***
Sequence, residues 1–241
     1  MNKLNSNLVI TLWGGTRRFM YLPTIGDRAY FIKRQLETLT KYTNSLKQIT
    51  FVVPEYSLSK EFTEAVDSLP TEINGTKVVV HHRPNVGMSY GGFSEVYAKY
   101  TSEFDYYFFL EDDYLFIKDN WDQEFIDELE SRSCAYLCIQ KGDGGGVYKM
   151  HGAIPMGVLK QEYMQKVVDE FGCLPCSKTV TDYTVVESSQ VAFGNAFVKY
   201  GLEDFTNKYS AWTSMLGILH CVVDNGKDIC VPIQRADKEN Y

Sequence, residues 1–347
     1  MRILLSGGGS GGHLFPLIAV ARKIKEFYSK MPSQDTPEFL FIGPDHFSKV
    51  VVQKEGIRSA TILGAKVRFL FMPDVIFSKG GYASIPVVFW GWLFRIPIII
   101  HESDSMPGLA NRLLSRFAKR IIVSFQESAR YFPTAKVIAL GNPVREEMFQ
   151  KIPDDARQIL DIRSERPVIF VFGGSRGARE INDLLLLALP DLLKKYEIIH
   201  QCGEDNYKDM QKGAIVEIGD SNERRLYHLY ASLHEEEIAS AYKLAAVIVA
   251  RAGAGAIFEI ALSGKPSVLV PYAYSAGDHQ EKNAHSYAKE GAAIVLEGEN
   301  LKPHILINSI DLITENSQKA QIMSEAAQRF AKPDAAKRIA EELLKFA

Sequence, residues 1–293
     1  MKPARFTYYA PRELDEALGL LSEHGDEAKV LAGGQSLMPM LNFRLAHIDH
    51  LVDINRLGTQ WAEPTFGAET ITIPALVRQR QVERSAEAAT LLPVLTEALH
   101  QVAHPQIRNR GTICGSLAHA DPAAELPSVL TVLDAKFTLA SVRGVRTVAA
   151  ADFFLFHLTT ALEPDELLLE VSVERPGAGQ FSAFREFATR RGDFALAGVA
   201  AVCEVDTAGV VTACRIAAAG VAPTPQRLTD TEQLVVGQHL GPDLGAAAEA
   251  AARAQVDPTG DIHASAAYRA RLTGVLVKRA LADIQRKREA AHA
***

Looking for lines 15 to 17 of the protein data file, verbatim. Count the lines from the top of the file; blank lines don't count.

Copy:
Sequence, residues 1–293
     1  MKPARFTYYA PRELDEALGL LSEHGDEAKV LAGGQSLMPM LNFRLAHIDH
    51  LVDINRLGTQ WAEPTFGAET ITIPALVRQR QVERSAEAAT LLPVLTEALH